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During “Battle for Metropolis,” Joker blasts riders with “laughing gas.”

So Hill holed himself up for a weekend and reworked the entire story. One of the benefits of moving to Metropolis, he says, was the inclusion of Lex Luthor as the co-main antagonist alongside the Joker, but it required Hill “to rethink what the attraction is” by adding such a major character.

In “Justice League: Battle for Metropolis,” Joker and Luthor have kidnapped the Justice League heroes and are holding them prisoner. Guests enter the Hall of Justice to join the Justice League Reserve Team, boarding their Reserve Team Vehicles and using laser blasters to fight their way into LexCorp headquarters and free Superman, Batman, Wonder Woman, Green Lantern, and the Flash.

Though Wood and Hill traveled to the Warner Bros. studio in Burbank, California, twice to pitch the story, they say earning approval for “Battle for Metropolis” was a relatively smooth process, overall, because they’d already built up equity and trust with Warner from Sally’s work on “Alien Invasion.” 

“It was no longer a question of quality,” Wood says. “It was now, what’s the story and execution.”

Dial It in Just Right

With the storyline approved, work commenced in earnest on the ride’s layout and character mockups. Hill sketched the initial concepts by hand, then Sally’s modeling department took over to create the foundational molds on which all iterations—be they animatronics or animations—would be based. In addition to “Justice League’s” bevy of iconic characters, the ride experience offers more than 600 targets spread across media screens and physical sets, seamlessly integrating animated segments with scenic detail.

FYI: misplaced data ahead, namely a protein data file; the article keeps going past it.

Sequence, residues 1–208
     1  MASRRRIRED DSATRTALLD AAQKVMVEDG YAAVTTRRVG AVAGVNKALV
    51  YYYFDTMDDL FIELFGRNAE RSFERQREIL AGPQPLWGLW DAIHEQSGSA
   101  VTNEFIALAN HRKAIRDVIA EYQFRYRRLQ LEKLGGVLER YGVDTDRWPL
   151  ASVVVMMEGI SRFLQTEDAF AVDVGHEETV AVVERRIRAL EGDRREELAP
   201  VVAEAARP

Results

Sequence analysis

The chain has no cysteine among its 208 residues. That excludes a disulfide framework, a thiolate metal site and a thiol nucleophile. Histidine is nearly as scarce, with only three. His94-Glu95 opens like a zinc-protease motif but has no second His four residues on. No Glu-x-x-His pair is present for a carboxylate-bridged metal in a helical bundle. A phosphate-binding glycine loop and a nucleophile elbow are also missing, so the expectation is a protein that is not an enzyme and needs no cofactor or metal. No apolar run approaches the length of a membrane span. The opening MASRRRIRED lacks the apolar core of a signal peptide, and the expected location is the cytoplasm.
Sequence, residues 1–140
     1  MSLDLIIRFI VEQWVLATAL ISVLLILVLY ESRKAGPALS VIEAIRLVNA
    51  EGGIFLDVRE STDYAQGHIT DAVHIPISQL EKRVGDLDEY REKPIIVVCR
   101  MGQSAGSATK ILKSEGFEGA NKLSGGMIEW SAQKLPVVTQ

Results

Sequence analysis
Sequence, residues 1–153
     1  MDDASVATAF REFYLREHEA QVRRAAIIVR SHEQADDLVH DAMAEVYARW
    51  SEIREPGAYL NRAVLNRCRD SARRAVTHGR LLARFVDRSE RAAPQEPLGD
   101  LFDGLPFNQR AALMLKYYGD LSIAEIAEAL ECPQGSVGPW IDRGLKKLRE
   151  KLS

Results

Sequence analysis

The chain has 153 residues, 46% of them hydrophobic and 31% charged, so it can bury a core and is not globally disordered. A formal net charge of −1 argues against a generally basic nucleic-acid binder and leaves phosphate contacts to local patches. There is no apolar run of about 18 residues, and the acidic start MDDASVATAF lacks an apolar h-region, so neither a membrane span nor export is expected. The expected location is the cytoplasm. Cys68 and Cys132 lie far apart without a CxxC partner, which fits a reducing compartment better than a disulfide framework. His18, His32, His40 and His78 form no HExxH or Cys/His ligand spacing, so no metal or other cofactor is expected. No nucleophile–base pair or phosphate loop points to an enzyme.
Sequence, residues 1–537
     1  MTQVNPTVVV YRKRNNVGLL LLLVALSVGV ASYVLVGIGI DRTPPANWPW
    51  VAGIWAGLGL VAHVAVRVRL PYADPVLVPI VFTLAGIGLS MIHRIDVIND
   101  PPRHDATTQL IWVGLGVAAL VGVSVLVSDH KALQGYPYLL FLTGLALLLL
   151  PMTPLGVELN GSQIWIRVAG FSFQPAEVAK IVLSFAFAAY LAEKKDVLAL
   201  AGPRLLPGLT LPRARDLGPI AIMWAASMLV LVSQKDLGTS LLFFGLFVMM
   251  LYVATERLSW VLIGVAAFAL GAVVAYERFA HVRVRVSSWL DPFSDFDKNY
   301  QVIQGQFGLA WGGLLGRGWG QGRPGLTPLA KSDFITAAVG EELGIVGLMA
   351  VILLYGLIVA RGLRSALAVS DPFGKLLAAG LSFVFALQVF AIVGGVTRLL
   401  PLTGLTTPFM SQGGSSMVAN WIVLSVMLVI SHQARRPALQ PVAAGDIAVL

Sally brought back its two key sub-contractors from “Alien Invasion” to complete its team: Belgium’s Alterface created the interactive, real-time gameplay using the Unreal Engine platform, while Pure Imagination Studios out of California was responsible for the 3-D animated sequences, executed via RealD projection. The combination of technologies allowed Sally to claim a couple “world’s first” elements for a dark ride: a virtual inverted loop and a fog screen with interactive targets. 

‘Justice League’ Animatronics Feature Painstaking Detail

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Sally spent months building the animatronics for “Justice League”—some of the most complex figures the veteran dark-ride company had ever designed. 

“Justice League: Battle for Metropolis” features two of the most sophisticated animatronic figures Sally has ever produced. 

Cyborg—the half-man/half-machine hero—greets guests in the queue and sets up the story. One of his signature features is a huge metal arm; the character took about six months of research to make it work and look convincing as a real person. 

“It’s one thing to have a soft costume with nice fabric that moves around,” says Sally’s John Wood. “But you put a suit of armor on there, you really have to animate it. We put a thousand hours into each one of our Cyborgs.” 

Guests also encounter an animatronic Joker during the ride; he sits atop an ATV and blasts riders with laughing gas out of a front-mounted cannon. Sally couldn’t find the exact right purple pinstriped suit it wanted for the Clown Prince of Crime, so a Sally artist literally painted each figure’s stripes by hand.